Aspiring Cryptology Researcher


Sage Math notes for CTF Crypto

Me and my friends at SDSLabs participated in BSides Ahmedabad 2021 CTF, and the outcome of the CTF was not something I liked, I found the crypto side a bit weak. The two problems I couldn’t solve (ecc-rsa and there-were-eleven) were not that hard, but my lack of Sagemath experience was a bit of reason why I couldn’t do it.

So here it is, my notes on Sage math.

Choose correct field #

For RSA and any modular math, use Zmod(p).

F = Zmod(p)

Polynomial Fields #

We want to make a field of polynomials where the arithmetic is happening over the F field and has variables x, y, z

PR.<x, y, z> = PolynomialRing(F)


PR = PolynomialRing(F, 3, 'x,y,z')
x, y, z = PR.gens()

Solving multivariate polynomials over Zmod(p) #

One might be tempted to use solve_mod function to solve a system of equations over a modulo. But if you have a special case when -

  1. Functions are multivariate polynomials.
  2. p is huge

In this case, solve_mod sometimes fails with Overflow Error. Instead, use Groebner Basis of the polynomials.

f1 = x*y + x^2 - 88
f2 = y^2 - z^2 + 51
f3 = z^2 - z + x*y - 102
I = (f1, f2, f3)*P

(This is a random example and doesn’t print anything good, but when equations are well formed the basis literally spits out the solution).

What is Groebner Basis? #


Chinese remainder theorem #

CRT is a useful function that given moduli n1, n2, n3... and respective remainders r1, r2, r3..., it finds a number m modulo n1*n2*n3... such that m = ri mod ni for all i.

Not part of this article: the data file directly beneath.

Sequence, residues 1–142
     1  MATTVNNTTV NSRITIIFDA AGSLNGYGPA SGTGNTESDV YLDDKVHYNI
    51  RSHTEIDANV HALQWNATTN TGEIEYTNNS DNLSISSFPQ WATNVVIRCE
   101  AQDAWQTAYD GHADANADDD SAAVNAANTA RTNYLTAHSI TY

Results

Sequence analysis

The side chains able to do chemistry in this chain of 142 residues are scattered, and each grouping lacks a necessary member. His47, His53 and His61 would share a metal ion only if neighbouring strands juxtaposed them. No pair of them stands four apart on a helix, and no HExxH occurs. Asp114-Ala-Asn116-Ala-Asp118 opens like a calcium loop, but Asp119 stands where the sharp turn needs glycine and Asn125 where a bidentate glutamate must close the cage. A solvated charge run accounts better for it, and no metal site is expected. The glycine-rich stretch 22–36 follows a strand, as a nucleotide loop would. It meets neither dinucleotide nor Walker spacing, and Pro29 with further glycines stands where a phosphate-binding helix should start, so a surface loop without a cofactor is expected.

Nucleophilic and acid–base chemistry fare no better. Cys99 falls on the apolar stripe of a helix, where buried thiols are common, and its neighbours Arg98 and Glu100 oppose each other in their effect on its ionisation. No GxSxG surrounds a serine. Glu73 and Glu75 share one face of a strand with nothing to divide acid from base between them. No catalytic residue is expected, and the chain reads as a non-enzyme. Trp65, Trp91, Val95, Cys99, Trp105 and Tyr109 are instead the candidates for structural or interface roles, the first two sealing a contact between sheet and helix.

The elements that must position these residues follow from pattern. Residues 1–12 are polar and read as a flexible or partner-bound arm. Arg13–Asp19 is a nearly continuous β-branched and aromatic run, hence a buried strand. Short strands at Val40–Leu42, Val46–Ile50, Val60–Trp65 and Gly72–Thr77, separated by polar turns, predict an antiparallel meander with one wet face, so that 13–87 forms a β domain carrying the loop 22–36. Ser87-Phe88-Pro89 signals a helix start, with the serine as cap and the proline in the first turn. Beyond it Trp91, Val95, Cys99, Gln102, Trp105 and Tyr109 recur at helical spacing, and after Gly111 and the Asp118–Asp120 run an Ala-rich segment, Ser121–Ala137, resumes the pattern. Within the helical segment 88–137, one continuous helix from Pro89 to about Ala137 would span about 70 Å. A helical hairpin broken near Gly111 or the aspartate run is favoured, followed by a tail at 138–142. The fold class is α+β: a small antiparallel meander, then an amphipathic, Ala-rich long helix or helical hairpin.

m = crt([r1, r2, r3], [n1, n2, n3])

Lagrange Interpolation #

Lagrange interpolation finds a polynomial f such that given m pairs of (xi, yi), f(xi) = yi. Degree of f is at max m-1

shares = [(1, 1651293975450381579706844999808202297670211173037061827272908790114230592434748044848097133563469251678879059156225205298834971071359017469397331605782920), (2, 49656064002974834481096383104316375265711545391722811288216446968986145936494966876404160910407919885451814058823146922107458035910700220495010462147112), (3, 1481214561214496310917942246038921499126047497749957535731608952096552856013930232284898279007009260107597472601959627310496773682697020898442717240484400), (4, 1950790377868548708758723604473108315857898618124646291056275632619091046294238343215502355242288776617394025418770078552886012721353626716473759644786481)]

shares = [(F(x), F(y)) for x,y in shares ]
reconstructed_polynomial = PR.lagrange_polynomial(shares)

Always remember to convert the number to the correct field element!

Polynomial GCD #

When two polynomials are known to have a common root, the best way to get that root is by calculating the polynomial gcd. Passing two polynomial objects in gcd could work but is not fast. Use half-GCD algorithm.

(Source: https://github.com/death-of-rats/CTF/tree/master/Dice2021/plagiarism)

def hgcd(a0,a1):
    if a1.degree() <= (a0.degree()//2):
        return np.array([[1,0],[0,1]])
    m = a0.degree()//2
    X = a0.variables()[0]
    b0 = a0 // X**m
    b1 = a1 // X**m
    R = hgcd(b0,b1)
    [d,e] = (R.dot(np.array([a0,a1]).transpose())).transpose()
    ff = d % e
    m = m // 2
    g0 = e // X**m
    g1 = ff // X**m
    S = hgcd(g0,g1)
    q = d // e
    return S.dot(np.array([[0,1],[1,-q]])).dot(R)

def gcd(a0,a1):
    while True:
        print(a0.degree(), end=", ", flush=True)
        if a0 % a1 == 0:
            return a1
        if a0.degree() == a1.degree():
            a1 = a0%a1
        R = hgcd(a0,a1)
        [b0,b1] = R.dot(np.array([a0,a1]).transpose()).transpose()
        if b0%b1==0:
            return b1
        c = b0 % b1
        a0 = b1
        a1 = c

Lattices #


Coppersmith short-pad attack #